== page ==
Panel to query Czech defector on MIA report

November 10, 1992|By Los Angeles Times

WASHINGTON -- The search for soldiers still listed as missing in action from the Vietnam War is being expanded to Czechoslovakia and the files of other East European countries as a result of information from a high-level Czech military defector, who has told Senate investigators that U.S. POWs spent time in Czech hospitals before being sent to the former Soviet Union.

According to a confidential memorandum prepared for the Senate Select Committee on POW-MIA Affairs, a former Czech general who now works for the Defense Intelligence Agency has said that before his 1968 defection, he saw intelligence reports on at least two groups of POWs, each numbering about 25 men, who passed through Czech hospitals en route to Soviet imprisonment.

While some intelligence officials are clearly skeptical of the claim, congressional sources said the Senate committee planned to ask Czech officials to investigate information it received last month from Maj. Gen. Jan Sejna, secretary of the Czech Defense Council before he defected.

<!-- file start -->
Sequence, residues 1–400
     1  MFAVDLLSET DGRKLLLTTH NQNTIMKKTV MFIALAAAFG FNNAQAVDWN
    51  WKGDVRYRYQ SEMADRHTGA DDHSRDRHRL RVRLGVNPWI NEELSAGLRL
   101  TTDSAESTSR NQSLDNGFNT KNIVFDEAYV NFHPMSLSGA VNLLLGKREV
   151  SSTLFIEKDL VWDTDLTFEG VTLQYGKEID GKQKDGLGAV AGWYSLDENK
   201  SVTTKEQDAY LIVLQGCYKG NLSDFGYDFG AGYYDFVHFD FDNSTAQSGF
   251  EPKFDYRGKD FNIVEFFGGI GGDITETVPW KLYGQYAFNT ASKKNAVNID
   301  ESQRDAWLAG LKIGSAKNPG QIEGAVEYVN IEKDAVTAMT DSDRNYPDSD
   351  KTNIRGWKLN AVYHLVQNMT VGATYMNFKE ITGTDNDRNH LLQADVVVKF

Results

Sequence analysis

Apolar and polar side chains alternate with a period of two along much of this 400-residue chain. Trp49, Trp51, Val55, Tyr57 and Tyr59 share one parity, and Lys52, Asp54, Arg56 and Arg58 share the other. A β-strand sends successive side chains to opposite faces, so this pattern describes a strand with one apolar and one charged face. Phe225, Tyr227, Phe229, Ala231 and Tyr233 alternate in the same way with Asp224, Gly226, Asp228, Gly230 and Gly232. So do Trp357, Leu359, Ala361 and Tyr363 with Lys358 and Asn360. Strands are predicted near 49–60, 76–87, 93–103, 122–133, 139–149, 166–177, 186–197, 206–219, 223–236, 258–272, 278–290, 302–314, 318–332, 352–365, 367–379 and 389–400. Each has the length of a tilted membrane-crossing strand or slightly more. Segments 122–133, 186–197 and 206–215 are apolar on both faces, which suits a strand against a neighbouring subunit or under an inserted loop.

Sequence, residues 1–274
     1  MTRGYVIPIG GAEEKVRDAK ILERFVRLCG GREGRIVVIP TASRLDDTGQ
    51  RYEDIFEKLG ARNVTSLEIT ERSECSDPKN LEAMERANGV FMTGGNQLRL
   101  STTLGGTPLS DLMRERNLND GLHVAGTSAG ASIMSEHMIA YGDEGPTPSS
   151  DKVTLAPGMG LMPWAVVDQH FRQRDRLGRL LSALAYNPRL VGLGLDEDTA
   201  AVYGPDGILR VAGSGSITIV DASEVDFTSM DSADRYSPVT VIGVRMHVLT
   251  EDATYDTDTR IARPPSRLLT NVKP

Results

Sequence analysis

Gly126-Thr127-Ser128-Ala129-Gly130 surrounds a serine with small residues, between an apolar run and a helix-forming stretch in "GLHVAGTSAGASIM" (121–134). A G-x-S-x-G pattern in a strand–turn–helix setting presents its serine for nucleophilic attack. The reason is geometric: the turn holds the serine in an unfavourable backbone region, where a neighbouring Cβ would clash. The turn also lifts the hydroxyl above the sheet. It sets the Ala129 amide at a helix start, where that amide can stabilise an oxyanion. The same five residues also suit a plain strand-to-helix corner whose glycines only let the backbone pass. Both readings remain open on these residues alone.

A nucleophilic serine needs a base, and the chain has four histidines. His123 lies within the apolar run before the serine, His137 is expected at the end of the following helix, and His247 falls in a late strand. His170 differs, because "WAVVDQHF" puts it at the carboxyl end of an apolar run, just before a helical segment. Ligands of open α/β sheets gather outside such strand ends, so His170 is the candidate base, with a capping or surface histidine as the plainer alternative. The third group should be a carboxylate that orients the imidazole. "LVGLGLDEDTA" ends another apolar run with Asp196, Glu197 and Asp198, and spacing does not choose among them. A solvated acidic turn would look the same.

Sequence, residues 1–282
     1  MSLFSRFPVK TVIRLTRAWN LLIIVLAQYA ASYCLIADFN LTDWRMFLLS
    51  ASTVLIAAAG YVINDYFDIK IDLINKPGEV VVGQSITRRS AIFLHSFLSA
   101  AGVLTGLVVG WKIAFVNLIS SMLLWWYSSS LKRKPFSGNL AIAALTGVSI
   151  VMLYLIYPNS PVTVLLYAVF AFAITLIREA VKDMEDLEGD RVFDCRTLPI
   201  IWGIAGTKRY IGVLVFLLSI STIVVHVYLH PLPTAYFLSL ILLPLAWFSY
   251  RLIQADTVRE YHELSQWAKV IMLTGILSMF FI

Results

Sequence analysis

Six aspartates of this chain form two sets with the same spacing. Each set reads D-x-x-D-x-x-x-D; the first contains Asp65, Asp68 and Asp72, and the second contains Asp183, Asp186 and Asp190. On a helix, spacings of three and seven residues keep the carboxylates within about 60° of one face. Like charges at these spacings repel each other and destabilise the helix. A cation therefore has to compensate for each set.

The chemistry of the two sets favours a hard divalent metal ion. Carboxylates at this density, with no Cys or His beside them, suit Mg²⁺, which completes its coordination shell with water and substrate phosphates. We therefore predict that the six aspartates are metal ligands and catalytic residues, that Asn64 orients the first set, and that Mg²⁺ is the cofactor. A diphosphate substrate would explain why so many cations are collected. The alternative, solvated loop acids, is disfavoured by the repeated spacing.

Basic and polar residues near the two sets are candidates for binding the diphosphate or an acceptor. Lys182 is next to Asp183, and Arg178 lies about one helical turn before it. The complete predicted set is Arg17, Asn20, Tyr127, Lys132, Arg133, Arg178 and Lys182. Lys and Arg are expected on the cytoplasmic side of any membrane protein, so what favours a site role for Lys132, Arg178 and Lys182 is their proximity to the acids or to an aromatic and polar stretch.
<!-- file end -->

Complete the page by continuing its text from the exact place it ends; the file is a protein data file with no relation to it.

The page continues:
Sen. John Kerry, D-Mass., the committee chairman, refused to comment on the startling claim or the memo, written by two committee investigators who interviewed General Sejna at the Defense Intelligence Agency's headquarters Oct. 21.

But he said that the committee planned to take a statement from the general and that it would ask former East Bloc countries for cooperation in checking his claim. The CIA has also been asked to investigate, other sources said.

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